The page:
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What's that giant sucking sound on prairie?

hole December 16, 1996
Web posted at: 11:30 p.m. EST

From Reporter Jack Hamman

CORTEZ, Colorado (CNN) -- Imagine you are a prairie dog and your landlord wants to evict you.

One minute you're burrowed into your home sweet hole; the next minute you're hurtling through a vacuum hose and landing inside a padded yellow truck.

Prairie dog movies

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You can't read the side of the truck, but it says, "Dog-Gone: Prairie Dog Control" and below that, in green letters, "Environmentally Safe."


Meet Dave Honaker and Gay Balfour, who are ridding fields and prairies of prairie dogs, hole by hole, with the help of a revamped sewer truck. Not for them the aggressive techniques of rifles, poison or flooding.

"We kind of like these guys ... We're animal lovers," Dave explains.

It's a matter of responsible ecology, Gay says.

"We thought the coyotes all had to go, and then the foxes all had to go, then all the hawks and eagles had to go. Here I'm talking back in the '50s and '60s," Gay says. "And now, since they're not so prevalent to take care of the rodents, now we think all the rodents have got to go."


Throughout the Rocky Mountains and Great Plains, prairie dogs are welcome in fewer and fewer spaces, as people spread out.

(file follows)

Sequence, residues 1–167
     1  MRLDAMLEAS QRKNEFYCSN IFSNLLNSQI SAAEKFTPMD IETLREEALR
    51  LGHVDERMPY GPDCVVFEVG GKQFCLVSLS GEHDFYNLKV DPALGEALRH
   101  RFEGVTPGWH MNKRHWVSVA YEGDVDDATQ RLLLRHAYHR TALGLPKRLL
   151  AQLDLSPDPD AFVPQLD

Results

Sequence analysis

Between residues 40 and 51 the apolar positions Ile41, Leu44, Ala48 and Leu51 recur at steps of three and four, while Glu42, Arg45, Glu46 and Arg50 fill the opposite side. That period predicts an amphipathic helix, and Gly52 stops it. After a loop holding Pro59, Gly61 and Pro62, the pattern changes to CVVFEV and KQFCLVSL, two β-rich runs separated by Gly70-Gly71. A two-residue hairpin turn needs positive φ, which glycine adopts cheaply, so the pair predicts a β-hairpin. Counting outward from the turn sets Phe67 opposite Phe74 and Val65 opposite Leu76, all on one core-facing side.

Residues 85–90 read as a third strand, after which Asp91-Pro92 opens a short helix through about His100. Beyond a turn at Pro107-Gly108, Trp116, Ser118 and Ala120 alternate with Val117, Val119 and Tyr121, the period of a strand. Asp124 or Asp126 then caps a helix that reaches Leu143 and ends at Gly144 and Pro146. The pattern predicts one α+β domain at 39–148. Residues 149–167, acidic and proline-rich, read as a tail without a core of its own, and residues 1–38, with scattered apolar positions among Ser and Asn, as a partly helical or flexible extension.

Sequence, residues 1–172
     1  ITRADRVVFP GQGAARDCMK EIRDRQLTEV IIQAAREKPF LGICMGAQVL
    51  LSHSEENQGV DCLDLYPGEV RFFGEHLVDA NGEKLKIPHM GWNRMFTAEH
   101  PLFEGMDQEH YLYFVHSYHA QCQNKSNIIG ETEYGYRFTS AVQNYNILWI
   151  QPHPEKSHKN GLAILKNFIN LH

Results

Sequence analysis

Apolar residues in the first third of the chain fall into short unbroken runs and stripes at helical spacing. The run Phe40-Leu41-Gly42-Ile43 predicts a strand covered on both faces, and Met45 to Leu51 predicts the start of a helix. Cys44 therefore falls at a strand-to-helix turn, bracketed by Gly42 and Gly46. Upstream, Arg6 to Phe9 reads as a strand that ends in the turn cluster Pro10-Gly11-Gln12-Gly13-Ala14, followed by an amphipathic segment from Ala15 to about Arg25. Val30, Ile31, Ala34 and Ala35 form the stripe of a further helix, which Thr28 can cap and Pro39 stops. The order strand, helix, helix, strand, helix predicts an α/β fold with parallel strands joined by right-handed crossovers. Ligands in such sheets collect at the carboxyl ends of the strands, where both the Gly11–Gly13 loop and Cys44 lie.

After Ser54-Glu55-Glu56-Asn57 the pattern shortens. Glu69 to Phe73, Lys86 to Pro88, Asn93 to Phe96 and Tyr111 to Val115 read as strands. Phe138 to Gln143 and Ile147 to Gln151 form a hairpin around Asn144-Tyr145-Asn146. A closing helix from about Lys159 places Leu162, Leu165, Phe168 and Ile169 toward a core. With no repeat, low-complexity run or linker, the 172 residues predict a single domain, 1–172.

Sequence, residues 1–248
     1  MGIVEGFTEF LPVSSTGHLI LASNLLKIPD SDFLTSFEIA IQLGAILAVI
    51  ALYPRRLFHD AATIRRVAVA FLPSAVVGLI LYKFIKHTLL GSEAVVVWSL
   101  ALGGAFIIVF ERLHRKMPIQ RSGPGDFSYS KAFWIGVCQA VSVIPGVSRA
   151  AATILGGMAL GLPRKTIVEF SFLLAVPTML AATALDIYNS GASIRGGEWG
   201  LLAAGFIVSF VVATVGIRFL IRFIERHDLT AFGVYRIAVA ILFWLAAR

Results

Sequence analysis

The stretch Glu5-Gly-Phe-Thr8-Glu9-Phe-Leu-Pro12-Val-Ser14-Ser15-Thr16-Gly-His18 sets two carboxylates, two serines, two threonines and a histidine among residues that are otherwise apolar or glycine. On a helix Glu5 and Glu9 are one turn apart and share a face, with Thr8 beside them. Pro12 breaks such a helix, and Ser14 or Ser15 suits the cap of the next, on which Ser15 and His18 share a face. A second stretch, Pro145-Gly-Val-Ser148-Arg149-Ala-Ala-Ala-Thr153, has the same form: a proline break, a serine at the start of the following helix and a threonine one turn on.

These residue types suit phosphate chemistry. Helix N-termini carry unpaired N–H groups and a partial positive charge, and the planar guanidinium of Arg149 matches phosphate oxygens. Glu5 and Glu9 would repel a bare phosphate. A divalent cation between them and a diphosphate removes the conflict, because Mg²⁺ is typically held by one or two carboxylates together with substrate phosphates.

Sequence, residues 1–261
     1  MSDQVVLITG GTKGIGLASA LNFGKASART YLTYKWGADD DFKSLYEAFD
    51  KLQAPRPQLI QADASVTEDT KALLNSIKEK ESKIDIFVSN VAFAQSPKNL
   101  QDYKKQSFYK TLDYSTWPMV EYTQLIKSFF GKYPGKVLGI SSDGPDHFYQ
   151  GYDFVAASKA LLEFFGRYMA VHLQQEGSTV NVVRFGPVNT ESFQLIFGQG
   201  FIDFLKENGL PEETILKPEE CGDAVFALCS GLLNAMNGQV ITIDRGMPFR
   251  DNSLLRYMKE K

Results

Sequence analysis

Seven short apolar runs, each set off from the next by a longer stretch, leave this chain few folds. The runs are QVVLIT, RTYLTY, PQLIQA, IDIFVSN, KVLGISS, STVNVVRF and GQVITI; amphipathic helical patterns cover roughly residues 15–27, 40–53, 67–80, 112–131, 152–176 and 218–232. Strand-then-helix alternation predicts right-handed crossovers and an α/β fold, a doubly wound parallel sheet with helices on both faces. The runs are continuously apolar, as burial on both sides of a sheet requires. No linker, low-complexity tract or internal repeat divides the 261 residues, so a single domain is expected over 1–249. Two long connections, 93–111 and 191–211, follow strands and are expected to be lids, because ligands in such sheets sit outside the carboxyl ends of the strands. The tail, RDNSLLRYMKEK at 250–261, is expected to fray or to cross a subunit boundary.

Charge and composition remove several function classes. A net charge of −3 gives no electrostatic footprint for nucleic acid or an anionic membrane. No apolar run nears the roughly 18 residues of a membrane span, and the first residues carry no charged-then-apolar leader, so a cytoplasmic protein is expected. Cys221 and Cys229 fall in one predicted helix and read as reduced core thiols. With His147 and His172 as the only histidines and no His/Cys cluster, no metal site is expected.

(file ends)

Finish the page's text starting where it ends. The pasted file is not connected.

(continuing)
On a good day, Dave and Gay can suck hundreds of the 3-pound rodents out of their burrows.

Gay and Dave try to find private landowners willing to give the dogs new homes in places far from cities or ranches. Many are sold as food for endangered eagles, hawks and ferrets.


"You can make a real nice pet out of them. It sounds crazy, but they tame right down," Gay says. But only a few states allow prairie dog ownership.

Animal rights groups have mixed feelings about the vacuum truck. They don't like the pet prairie dog idea, but they do appreciate Dave and Gay's affection for the rodents.

The truck stays busy spring and summer, but can only capture a few thousand prairie dogs in a given year. Countless other dogs are still in the way of ranchers, farmers and developers, and suffice to say, they don't all get a free ride on a yellow truck out of prairie dog town.

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